Utilities board questions establishing law, honorarium rates
ROTA—The board of directors of the Commonwealth Utilities Corp. raised questions regarding their establishing laws specifically for their honorarium and the authority of the Commonwealth Public Utilities Commission over the corporation during a board meeting held on Rota last Friday.
The board declined to state why there was a concern regarding the honorarium that they are receiving as directors, however, on one of their discussions, board chair Adelina Roberto raised a question to legal counsel James Sirok based on a provision in their enabling act that states how CUC shall set its compensation, wage and salary.
“The corporation shall make its own compensation, wage, and salary scale. When it said own compensation, does that include the board?” Roberto asked Sirok.
Sirok answered that the particular provision was only for employees, however Roberto said they should look further into the law.
“That’s the reason why I think we should look into this and dissect this and just…because it doesn’t say just wages and salary scale. Our wage and salary scale, I see that with our own employees, but our compensation,” Roberto said.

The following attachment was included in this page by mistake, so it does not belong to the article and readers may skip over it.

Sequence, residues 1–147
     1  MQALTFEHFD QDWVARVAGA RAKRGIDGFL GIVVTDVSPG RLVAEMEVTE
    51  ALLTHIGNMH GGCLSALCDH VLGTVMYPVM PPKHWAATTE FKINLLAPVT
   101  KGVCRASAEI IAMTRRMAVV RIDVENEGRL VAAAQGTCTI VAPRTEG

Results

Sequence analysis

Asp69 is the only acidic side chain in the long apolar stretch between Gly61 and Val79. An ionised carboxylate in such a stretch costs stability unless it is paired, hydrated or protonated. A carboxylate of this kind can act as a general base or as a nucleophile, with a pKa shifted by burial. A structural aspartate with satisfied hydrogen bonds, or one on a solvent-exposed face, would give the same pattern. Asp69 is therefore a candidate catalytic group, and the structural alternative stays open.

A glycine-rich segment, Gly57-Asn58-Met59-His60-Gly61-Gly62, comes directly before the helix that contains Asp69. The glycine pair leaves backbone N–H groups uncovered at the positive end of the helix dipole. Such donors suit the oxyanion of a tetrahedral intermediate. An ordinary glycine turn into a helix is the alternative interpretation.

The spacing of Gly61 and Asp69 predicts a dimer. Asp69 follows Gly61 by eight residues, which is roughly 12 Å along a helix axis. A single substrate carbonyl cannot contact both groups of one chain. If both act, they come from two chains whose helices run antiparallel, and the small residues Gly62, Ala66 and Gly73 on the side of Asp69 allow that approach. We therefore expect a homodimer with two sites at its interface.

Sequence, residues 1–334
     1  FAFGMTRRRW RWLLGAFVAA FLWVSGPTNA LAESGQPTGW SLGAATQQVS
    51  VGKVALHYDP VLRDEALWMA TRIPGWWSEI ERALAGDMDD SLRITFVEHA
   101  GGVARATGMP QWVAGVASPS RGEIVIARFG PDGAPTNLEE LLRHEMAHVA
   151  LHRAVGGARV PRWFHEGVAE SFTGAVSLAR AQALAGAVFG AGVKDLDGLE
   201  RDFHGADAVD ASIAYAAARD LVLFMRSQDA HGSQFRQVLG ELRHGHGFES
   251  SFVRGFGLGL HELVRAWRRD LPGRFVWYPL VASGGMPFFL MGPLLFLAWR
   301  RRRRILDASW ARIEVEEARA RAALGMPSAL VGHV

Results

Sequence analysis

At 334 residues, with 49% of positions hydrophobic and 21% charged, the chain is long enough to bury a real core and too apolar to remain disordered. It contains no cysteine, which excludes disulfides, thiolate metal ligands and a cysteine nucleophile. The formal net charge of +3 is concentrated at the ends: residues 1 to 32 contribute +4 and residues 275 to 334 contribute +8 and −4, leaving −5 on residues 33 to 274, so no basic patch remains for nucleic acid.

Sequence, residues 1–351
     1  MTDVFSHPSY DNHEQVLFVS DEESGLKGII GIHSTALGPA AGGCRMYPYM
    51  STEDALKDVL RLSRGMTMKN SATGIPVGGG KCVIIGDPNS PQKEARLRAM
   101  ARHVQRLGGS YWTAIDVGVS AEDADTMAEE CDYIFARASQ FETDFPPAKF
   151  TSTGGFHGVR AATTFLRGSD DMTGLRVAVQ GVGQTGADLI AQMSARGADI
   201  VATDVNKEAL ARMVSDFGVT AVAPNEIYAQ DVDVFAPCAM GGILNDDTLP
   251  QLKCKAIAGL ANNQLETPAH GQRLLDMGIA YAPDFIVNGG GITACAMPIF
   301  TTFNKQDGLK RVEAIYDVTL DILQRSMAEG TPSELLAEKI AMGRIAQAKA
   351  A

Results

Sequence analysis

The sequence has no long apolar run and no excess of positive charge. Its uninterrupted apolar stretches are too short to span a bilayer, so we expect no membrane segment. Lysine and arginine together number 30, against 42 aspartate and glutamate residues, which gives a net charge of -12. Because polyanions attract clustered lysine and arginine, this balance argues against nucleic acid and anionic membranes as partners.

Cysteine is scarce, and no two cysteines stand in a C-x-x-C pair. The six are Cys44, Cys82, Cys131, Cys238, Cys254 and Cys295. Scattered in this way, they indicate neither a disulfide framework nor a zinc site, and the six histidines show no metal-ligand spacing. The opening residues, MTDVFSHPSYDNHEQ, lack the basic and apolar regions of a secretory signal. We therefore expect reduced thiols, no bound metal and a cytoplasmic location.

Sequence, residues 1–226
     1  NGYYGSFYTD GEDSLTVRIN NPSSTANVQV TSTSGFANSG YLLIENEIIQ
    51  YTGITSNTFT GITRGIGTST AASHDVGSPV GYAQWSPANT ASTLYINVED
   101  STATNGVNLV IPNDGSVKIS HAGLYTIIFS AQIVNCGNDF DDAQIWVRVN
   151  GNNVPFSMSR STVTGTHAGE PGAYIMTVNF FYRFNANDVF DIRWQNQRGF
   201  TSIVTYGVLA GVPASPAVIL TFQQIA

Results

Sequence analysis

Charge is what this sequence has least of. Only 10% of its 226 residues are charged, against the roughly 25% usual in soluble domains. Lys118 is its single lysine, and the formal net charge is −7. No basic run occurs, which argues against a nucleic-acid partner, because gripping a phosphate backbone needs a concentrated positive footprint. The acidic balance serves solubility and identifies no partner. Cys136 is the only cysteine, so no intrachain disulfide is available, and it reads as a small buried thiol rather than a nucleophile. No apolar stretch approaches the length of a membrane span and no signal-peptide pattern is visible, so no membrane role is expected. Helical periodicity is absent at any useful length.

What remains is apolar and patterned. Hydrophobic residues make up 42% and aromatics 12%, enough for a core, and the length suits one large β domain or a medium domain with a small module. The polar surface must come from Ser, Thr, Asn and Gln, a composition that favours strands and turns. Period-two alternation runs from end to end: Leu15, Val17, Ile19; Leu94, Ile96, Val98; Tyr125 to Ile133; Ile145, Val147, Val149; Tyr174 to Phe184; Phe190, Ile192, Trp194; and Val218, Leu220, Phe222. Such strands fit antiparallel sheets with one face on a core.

Based on CUC’s enabling act, “board members shall receive such compensation as required by law.”
“You only get compensated for the honorarium and travel as policy of the executive branch,” Sirok said, “There is a law and the law only allows you to receive honorarium.”
When Roberto asked if the law specifically say how much the compensation should be, Sirok said yes.
“That’s the law that spells out $30 days for half day, $60 days for full days,” Sirok said.
Despite this, board members were not satisfied with Sirok’s answer.
Director Joe Torres went further to state that “there’s no law that applies” to the CUC board.
“They are not citing which law that we are… Because, when they abolished the board back then, everything went…there’s no law for the board, right?” Torres said.
“Do you think they should cite what law we should be based on? Because there’s no law that applies to us,” he added.
Just last November, the Office of the Public Auditor found that CUC is not in compliance with the law and its established policies with regards to travel.
OPA’s preliminary results of their initial survey raised five points of violation including the board adopting travel rules that are inconsistent with the law. OPA, in their communication with CUC, stated that CUC’s enabling statute provides that the travel rules and per diem rates for Board members shall be the same as those established by the Executive Branch.
On an earlier discussion, Roberto made the same statement on bringing their concerns to the Legislature.
CUC board members were discussing the levelized energy adjustment clause, when they shifted to the authority of CPUC itself.
“There is provision in our enabling statute that says we’re under the authority of PUC,” Sirok said.